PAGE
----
Serving of legal notices and summons through WhatsApp

Sonal SurbhiLaw

Serving of legal notices and summons through WhatsApp
Serving of legal notices and summons through WhatsApp

Serving of legal notices and summons through WhatsApp

The Indian justice delivery system has gone through plenty of changes this year as far as digitalisation of processes and procedures is concerned. Judges, as well as advocates, have slowly adapted to virtual courtrooms. Not just court hearings, ICT (information and communication technology) is also facilitating filing of cases, tracking, and availability of court orders/judgements. While Indian courts have been slow in accepting digital mediums as a mode of serving summons and notices, the last few months do tell a different story. I have discussed digital justice system in India here.

Central Electricity Regulatory Commission v. National Hydroelectric Power Corporation Limited is one of those cases where the court has discussed the serving of notices through email. Here, it is also essential to discuss the nexus between serving of legal notices through digital medium and admissibility of electronic records. Consider that a party sent a legal notice through email to the opposing party before instituting the suit. This notice may be submitted before the court as a piece of evidence. Cases such as Anvar v. Bashir and Shafhi Mohammad v. State of Himachal Pradesh created confusion regarding certificate requirements under Section 65B of the Indian Evidence Act, 1872.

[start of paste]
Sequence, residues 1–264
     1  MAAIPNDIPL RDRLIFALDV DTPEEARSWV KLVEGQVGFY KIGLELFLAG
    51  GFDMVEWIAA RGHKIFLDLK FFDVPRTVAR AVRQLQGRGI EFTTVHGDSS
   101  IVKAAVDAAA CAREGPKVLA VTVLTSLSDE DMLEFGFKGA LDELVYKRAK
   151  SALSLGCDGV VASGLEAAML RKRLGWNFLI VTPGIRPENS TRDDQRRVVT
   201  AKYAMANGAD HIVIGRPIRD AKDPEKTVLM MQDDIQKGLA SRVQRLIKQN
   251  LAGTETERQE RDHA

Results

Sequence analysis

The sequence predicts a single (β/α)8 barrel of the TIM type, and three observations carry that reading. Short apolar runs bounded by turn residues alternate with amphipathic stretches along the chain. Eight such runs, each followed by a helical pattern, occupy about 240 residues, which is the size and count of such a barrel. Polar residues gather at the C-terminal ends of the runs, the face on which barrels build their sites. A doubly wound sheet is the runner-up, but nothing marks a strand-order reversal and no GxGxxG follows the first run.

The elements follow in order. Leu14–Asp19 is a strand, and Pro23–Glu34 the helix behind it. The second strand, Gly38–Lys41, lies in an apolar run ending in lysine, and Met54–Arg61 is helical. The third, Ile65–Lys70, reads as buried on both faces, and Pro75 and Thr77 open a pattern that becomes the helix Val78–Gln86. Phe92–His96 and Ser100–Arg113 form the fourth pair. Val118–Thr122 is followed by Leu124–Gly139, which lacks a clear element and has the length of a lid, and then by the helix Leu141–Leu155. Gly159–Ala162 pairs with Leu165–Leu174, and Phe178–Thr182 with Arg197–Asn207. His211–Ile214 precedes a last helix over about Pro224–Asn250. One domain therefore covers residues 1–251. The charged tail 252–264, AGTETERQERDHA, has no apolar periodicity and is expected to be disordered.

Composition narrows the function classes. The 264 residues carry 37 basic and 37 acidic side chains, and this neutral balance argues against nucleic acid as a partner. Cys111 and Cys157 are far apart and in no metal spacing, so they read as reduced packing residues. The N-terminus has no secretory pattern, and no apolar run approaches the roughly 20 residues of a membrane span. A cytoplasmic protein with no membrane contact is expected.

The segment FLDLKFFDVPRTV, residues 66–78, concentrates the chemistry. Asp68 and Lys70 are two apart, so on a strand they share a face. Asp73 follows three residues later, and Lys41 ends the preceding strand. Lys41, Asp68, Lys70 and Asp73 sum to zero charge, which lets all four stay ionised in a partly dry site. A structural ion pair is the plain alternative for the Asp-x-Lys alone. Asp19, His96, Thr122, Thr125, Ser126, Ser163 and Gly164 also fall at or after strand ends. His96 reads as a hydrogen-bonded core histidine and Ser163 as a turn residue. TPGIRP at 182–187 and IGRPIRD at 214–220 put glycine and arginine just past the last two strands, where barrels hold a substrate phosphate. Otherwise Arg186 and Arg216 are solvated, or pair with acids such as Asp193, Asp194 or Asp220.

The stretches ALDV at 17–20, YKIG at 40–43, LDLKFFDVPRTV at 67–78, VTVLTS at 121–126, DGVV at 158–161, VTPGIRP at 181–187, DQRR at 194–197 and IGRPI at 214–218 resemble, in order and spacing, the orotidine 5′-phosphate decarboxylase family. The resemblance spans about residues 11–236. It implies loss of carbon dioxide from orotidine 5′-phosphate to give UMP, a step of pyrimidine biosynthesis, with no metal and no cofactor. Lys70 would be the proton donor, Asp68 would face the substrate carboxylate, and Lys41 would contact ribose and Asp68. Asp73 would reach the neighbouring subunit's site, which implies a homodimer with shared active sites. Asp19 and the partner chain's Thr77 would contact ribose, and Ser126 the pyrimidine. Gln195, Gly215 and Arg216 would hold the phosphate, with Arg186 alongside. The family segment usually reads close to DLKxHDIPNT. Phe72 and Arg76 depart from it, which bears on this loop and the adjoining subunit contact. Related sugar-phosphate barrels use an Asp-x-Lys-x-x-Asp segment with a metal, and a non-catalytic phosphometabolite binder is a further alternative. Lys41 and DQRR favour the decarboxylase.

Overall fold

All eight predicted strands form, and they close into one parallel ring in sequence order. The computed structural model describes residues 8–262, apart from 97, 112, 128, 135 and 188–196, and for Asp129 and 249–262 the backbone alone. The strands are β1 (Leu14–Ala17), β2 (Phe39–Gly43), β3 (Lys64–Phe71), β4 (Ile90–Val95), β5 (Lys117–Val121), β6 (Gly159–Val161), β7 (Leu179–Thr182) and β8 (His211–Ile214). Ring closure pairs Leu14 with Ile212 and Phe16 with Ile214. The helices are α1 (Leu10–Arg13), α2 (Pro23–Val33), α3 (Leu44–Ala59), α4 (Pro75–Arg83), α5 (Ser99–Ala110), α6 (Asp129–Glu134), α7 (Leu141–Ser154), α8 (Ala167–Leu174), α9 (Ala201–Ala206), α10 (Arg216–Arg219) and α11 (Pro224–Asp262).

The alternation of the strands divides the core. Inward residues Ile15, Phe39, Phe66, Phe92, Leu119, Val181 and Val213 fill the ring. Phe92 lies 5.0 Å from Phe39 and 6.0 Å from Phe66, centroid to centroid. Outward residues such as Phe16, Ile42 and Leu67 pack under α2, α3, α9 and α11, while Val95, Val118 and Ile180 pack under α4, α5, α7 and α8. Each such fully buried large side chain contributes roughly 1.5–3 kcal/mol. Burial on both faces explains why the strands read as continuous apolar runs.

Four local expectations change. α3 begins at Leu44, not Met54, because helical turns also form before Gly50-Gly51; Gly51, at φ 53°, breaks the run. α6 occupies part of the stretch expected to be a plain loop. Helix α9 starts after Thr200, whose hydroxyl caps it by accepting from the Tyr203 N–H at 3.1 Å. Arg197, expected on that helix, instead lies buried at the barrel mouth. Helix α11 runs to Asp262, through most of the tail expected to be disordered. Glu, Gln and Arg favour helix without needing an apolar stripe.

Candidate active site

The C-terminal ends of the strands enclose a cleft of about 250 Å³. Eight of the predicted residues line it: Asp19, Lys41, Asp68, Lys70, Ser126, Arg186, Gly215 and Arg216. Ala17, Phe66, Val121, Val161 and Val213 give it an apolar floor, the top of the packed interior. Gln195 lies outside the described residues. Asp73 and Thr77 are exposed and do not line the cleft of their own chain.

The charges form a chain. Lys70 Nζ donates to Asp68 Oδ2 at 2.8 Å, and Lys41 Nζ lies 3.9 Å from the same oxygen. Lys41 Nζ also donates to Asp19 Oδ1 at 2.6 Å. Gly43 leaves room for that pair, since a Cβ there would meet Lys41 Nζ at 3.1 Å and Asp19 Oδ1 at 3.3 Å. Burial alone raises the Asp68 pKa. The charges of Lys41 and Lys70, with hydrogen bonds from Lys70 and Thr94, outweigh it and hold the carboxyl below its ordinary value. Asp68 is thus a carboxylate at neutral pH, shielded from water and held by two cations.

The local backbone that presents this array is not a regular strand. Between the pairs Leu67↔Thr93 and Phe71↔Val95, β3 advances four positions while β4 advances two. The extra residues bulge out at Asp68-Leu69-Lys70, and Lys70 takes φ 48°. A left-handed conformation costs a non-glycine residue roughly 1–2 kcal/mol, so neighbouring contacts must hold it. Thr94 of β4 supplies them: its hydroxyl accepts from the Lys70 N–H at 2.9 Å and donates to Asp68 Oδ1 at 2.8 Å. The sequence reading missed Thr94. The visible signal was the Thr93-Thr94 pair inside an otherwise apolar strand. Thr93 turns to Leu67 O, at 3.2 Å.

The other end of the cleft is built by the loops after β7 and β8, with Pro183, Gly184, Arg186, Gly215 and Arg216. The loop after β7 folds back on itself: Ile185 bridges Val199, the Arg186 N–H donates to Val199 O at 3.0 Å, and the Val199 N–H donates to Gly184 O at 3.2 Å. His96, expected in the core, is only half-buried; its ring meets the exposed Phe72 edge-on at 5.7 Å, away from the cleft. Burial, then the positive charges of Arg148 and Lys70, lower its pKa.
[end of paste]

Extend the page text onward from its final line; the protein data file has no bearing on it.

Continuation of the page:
While the honourable Supreme Court recently clarified its stand in the case of Arjun Panditrao Khotkar v. Kailash Kushanrao Gorantyal, the court also issued the directions for framing of rules under Section 67C of the Information Technology Act, 2000. These rules are expected to deal with retention, preservation, retrieval, and production of electronic records.

Serving of summons and legal notices through WhatsApp

The word notice itself means knowledge. In the context of summons and legal notices, one can interpret to bring into the knowledge of the defendant/respondent about the initiation of proceedings by the plaintiff/petitioner. Traditionally, a legal notice is delivered through the postal system. A notice is deemed to be served only when the defendant receives or refuses to accept the delivery – which is sufficient to consider that the defendant is aware of the said matter. The proof of delivery or refusal gives a clear picture as to whether notice was served or not.

Our systems move with infuriating slowness – glaciars melt faster than service through the Sheriff’s office.

– Justice Gautam S. Patel, Judge, Bombay High Court 

In the case of SBI Cards & Payments Services Pvt. Ltd. v. Rohidas Jadhav, the Bombay High Court accepted the service of notice through WhatsApp as the blue ticks indicated that the message was delivered and read. Similarly, in the case of Kross Television India Pvt. Ltd. v. Vikhyat Chitra Production, the defendant denied any receipt of any legal notice on his WhatsApp account. However, the delivery indicators on WhatsApp were considered as proof of delivery, and the defendant’s contention was defeated.